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Algiers, Algeria (1962)

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On 20th April 1962, three plastic explosives were detonated in the capital of Algeria. Luckily, no one was killed. The attack was the work of Organisation de l’armée secrète (or OAS). This French terrorist organisation hoped to stop Algeria from becoming an independent nation, free from French colonial rule, which the Algerian National Movement had been fighting for since 1954. The OAS failed, and that same year the Algerian War came to an end with a new People’s Democratic Republic of Algeria entering the international arena.This silent, unedited and unused footage features devastated buildings and burnt out cars, probably in front of the Algiers Rectorate of the University.

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Zarka, Kingdom of Jordan (1971)

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This image is from the Dawson’s Field hijackings by the Popular Front for the Liberation of Palestine in September 1971. In the incident, five planes were hijacked and forced to Dawson’s Field, an airstrip in Zarka, Jordan. Amazingly, not one of the 310 hostages were killed. They were released in exchange for four PFLP members – three serving sentences in Switzerland and one in British custody.

The plane featured in this still is British Overseas Airways Corporation (BOAC) Flight 775. It is taken from raw, unedited and silent footage in the British Pathé archive. In the film, Swissair and BOAC planes land in Beirut before being forced to take off again for Dawson’s Field by the hijackers while police and security officials watch helplessly nearby.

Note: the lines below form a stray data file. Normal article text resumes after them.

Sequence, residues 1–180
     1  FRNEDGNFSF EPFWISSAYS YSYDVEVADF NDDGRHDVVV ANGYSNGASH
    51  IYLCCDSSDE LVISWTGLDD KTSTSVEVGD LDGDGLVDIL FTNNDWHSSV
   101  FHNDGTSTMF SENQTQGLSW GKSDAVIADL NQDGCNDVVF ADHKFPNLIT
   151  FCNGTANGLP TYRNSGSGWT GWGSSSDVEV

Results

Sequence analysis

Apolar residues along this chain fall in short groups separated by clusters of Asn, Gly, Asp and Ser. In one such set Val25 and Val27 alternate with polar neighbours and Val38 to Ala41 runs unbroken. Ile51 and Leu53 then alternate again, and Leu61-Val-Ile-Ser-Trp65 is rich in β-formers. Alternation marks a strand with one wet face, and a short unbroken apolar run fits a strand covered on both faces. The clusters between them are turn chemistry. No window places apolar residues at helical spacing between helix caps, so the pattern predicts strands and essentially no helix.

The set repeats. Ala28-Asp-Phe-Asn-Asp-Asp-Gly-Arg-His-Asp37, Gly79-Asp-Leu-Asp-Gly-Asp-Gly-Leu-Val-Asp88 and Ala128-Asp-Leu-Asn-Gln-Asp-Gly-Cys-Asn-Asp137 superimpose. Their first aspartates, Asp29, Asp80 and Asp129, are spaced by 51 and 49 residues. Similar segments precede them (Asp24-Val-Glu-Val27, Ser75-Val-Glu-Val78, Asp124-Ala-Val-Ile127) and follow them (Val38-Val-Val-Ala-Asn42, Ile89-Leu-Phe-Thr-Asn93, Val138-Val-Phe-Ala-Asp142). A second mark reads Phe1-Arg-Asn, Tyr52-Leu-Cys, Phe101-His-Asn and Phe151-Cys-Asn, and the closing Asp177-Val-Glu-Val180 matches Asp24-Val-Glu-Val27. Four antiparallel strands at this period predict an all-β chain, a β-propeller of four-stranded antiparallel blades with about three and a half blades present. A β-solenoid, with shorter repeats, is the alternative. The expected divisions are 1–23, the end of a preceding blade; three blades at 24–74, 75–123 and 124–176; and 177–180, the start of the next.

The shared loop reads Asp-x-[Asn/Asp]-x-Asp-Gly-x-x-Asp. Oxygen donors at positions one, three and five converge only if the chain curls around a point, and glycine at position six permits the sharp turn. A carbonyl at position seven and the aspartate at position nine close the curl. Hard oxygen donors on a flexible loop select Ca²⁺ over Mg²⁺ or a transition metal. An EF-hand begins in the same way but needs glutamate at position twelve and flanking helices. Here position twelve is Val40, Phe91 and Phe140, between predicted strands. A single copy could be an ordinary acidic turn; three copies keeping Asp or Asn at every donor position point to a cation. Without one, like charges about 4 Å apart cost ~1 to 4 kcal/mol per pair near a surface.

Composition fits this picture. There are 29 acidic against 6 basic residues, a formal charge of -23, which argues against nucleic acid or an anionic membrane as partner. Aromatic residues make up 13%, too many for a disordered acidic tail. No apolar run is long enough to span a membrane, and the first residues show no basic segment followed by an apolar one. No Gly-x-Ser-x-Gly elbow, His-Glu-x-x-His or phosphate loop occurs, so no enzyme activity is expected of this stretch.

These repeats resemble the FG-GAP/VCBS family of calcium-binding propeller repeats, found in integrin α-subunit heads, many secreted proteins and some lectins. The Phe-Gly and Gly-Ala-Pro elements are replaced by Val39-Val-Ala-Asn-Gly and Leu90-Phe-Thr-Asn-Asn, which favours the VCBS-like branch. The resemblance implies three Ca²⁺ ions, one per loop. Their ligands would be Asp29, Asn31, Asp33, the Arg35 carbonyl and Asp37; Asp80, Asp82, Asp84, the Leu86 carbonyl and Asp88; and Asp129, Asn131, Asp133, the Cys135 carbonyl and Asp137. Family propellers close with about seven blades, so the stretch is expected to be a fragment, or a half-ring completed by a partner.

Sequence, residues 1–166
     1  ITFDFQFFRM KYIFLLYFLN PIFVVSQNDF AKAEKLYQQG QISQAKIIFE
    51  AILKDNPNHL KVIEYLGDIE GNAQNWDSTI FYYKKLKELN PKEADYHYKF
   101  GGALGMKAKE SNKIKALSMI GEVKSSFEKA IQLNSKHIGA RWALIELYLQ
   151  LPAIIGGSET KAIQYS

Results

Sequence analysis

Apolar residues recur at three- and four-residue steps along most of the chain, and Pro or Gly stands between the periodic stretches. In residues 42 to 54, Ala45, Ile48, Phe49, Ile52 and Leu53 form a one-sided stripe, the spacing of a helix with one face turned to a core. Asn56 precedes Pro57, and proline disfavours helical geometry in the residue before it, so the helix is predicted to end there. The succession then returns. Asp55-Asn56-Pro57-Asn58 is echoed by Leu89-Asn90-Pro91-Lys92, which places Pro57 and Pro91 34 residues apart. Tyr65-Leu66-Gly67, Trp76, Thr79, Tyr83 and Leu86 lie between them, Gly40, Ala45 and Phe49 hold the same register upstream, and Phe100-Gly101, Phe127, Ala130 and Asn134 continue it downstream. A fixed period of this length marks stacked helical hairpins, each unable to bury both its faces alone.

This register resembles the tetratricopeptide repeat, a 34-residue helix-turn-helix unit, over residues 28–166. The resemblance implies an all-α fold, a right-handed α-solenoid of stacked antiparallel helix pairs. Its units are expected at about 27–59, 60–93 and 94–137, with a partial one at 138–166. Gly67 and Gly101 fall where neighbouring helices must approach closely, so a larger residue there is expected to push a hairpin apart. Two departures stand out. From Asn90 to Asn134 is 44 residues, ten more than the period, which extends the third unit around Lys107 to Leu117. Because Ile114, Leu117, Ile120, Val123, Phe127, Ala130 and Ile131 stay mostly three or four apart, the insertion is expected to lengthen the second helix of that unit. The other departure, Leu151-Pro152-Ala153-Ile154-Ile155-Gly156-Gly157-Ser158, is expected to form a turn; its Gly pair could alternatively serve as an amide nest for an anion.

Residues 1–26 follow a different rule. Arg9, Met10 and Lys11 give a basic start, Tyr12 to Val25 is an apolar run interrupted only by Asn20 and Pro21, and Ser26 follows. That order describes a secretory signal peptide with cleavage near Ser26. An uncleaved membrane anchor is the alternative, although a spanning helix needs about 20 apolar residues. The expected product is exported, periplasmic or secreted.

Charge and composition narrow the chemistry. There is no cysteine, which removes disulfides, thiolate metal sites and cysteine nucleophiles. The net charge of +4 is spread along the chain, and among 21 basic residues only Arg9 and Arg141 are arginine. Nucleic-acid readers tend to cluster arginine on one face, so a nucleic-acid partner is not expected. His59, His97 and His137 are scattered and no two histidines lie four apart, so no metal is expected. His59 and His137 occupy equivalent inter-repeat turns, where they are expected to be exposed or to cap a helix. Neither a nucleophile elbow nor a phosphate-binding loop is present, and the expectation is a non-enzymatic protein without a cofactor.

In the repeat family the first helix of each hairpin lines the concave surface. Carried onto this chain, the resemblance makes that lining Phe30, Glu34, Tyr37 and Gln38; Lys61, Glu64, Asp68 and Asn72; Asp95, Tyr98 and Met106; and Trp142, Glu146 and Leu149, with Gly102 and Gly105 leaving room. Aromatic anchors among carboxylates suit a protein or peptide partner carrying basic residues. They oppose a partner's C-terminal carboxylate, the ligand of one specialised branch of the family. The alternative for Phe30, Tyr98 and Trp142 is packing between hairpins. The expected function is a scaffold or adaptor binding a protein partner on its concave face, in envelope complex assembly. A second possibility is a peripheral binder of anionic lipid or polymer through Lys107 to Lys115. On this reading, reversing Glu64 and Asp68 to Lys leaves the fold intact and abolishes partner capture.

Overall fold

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Belfast, UK (1972)

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This telling still of a burning bus derives from a film in the British Pathé archive entitled “IRA Outrages In Northern Ireland”. Although there is no paperwork accompanying the film that can accurately date and identify the three seemingly separate events depicted in it, one of our Facebook followers provided some helpful information. This image specifically is probably from the Bloody Friday attack on the Ulsterbus depot on Oxford Street during the afternoon of 21st July 1972. A total of twenty-two explosions across Belfast caused carnage that day. Nine people were killed.

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After 1972

The British Pathé archive ends in 1979. However, the series A Day That Shook The World, co-produced with the BBC, covers important world events up to the year 2006. It therefore includes additional acts of terror not originally filmed by the Pathé cameramen. The relevant episodes can be viewed by clicking on the links below:

British SAS storm Iranian Embassy in London (1980)

IRA attack on British Government (1984)

Lockerbie Pan-Am jet explosion (1988)

Oklahoma terrorist attack (1995)